“Ye know that the princes of the Gentiles exercise dominion over them,

and they that are great exercise authority upon them.

But it shall not be so among you:

but whosoever will be great among you, let him be your minister;

And whosoever will be chief among you, let him be your servant:

Even as the Son of man came not to be ministered unto,

but to minister, and to give his life a ransom for many.” (Matthew 20:25-28, KJV)

The word the Athenians used for their Assembly was Ekklesia, the same word used in the New Testament for Church
(and it is the greatest philological irony in all of Western history that this word,
which connoted equal participation in all deliberation by all members,
came to designate a kind of self-perpetuating, self-protective Spartan gerousia -
which would have seemed patent nonsense to Greek-speaking Christians of New Testament times,
who believed themselves to be equal members of their Assembly.)

- Thomas Cahill, Sailing the Wine-Dark Sea: Why the Greeks Matter


Wednesday, August 8, 2007

Mitch Manousakis Offers Further Perspectives

I think that we are so fortunate to live in this the greatest country on earth - AMERICA. Here we have the right of free speech and are able to worship our God however we choose to do so. We also have the right to express our opinion, whatever it may be. Many of our early Greek immigrants came here to pursue these freedoms and to make a better life for their families and future generations.

As we all have read in history books, some written by our own parishioners, these immigrants came into a hostile environment not knowing the language and lacking greatly in education. They took jobs that most people would not do in order to provide for their families. Before they were on their feet so to speak, they were initiating efforts to build churches where ever there were even a few of their fellow Greeks. And with the very meager wages that they were earning they accomplished this monumental task. They wanted to preserve not only their faith, but their heritage as well. They passed it on remarkably well to their children and grandchildren.

These early immigrants did everything in their power to educate their children and make them contributing citizens of their communities but never relinquishing the knowledge of where their roots came from. Never giving up on their native language and faith. Through their efforts the Greeks gained the respect and envy of their fellow citizens in this great country of ours AMERICA. Just the thought that some would think about diminishing the Greek aspect of our heritage to include the Greek language, is indeed a saddening thing and shows little respect for those great people who immigrated here and gave us so much.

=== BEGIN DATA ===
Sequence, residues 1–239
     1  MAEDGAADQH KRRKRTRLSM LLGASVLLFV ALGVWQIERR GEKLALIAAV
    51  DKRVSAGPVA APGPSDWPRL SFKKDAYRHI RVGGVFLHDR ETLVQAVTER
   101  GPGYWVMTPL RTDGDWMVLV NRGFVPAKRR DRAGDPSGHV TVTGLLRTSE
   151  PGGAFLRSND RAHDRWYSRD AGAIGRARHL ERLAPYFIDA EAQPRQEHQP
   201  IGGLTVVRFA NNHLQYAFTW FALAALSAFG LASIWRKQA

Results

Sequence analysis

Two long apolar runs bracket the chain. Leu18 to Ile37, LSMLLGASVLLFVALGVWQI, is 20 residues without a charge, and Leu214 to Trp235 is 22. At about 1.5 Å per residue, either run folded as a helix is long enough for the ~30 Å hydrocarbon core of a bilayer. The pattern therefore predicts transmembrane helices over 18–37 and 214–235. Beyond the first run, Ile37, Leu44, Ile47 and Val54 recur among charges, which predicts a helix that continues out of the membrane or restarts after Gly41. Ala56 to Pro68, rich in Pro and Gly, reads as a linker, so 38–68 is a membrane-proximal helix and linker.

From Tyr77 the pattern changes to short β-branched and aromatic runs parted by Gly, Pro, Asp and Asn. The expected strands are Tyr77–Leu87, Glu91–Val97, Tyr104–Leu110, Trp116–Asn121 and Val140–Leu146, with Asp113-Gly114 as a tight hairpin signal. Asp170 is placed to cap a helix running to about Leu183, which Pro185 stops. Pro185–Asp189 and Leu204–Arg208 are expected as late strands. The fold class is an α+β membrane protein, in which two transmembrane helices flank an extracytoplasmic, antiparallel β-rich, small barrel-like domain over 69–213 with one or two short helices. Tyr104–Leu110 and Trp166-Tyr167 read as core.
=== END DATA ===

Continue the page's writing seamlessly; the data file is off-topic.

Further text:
Now, many of us who have so much because of the great people before us, are insinuating that the language not be used in our church services and perhaps even dropping the word Greek from our church name.

I believe that only a small minority would have us do this. However, the silent majority must come out of our hiding comfort and be strong and united stating our opinions for the entire parish if not the world to know.

I would challenge our parish council to at last come forth with the total truth on all the matters that concern our Greek Orthodox Parish of Salt Lake City, Utah. If the documents that you have signed pledging secrecy, support and allegiance to our proistameno and or to the metropolitan are invalid as someone has suggested on this blog, then shed yourselves of them.

All the parishioners deserve to know the truth. Help us to reunite and become a whole community again. Do not be faithful to those that would divide us.

Even politicians realizing that what they are doing may hurt their party, resign for the sake of the party.

They do this even when they are in the right. They do it out of love and concern for their party. Perhaps some of our leaders who are causing this turmoil in our Greek Orthodox Parish of Salt Lake City should consider doing the same thing.

Again I say this because I believe that the issues are not of a religious nature, but of a political one.

As a last note, I again say that there is strength in unity and numbers. More of our parishioners need to come forward and state their position on the issues that are confronting us at this time.

Thank you,

Mitch Manousakis

1 comment:

Paula Saltas Mason said...

I agree that it is likely a small minority that would have the word Greek sriken from our name as well as stop using Greek in our services but as I stated in a previous post comment, I believe there is room for BOTH languages. I also believe that I come from as strong a Greek background as most in this community. However, I was not afforded the ability to speak, read or understand the Greek language by sheer birth alone nor from my forefathers as some others were. This leaves me with a lack of understanding a good portion of our services and I fully rely on "greeklish" to learn words and more study to learn the meaning of those words.

I will gladly stand with the silent majority as you called it to defend and maintain the integrity of our community as is (two churches one parish).

I will also stand alongside parishioners like my husband who do not speak Greek or who not were born of Greek decent but are equally important to this community by Faith, volunteerism and other community groups.

We all need to be fed spirtually and in a language we can understand as well as work together in the spirit of love and understanding to make our parish stronger.

Regardless of how this all plays out we will always be one community!